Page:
Excerpts from “Development and Distress in Mindanao A Political Economy Overview”
The Forum - May-June 2010 - (Vol 11 Issue 3)
It is widely believed that economic growth and development have bypassed the southern regions of the Philippines. This is seen as the cause of the serious political problems that now plague Mindanao. A closer look at Mindanao’s economic development, however, reveals that far from being isolated from the mainstream of the national economy, the island has been a major performer and a primary contributor to the country’s productive capacities.
Lured by vast reserves of natural resources, business concerns have invested capital and technology and established ventures that have generated enormous profits for their owners and executives. Large scale infrastructure projects by government facilitated these investments. But the resulting wealth and incomes have not benefited the greater majority of its people. Poverty and other social indicators point to a more distressed condition for Mindanao residents than for the nation as a whole.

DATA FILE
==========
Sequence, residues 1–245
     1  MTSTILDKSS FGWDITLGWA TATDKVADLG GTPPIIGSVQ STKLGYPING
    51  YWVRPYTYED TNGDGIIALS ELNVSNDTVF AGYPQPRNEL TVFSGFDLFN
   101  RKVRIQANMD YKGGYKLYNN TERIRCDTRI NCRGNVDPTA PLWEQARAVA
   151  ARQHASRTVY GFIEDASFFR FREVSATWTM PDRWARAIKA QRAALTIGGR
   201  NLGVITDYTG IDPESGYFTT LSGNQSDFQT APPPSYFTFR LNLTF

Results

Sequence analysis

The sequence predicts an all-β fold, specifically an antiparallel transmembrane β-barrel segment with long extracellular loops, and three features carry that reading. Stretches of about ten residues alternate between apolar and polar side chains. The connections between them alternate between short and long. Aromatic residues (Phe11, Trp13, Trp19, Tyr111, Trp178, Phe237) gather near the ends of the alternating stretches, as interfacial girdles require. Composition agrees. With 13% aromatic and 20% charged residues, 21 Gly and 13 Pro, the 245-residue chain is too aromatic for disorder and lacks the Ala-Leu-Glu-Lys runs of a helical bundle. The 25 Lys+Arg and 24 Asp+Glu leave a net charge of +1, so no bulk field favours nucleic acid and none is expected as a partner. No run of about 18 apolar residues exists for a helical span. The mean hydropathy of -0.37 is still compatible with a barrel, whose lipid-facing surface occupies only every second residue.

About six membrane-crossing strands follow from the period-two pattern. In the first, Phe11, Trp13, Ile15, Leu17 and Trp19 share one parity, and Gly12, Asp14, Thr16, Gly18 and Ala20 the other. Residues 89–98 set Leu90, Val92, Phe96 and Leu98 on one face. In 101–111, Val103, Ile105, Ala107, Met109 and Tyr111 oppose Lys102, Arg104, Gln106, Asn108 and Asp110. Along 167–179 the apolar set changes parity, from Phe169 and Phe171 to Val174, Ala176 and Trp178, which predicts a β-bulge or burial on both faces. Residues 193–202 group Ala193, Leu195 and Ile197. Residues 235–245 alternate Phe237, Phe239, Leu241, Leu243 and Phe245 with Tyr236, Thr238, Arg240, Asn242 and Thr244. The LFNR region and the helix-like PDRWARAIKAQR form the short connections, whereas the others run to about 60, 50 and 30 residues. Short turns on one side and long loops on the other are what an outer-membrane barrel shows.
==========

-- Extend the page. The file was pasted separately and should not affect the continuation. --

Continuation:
Development Strategies. Mindanao development strategies are driven essentially by the Philippine state’s objective of integrating the southern economy into the national mainstream. The focus is on large-scale infrastructure development to attract investments in export-led and market-driven growth industries. The aim is to open up more of Mindanao’s natural resources to exploitation and extraction with the private sector as the prime mover. Scarce attention, however, is paid to the actual needs of Mindanao’s peoples such as directly addressing poverty and inequality which are the principal causes of social unrest and rebellion.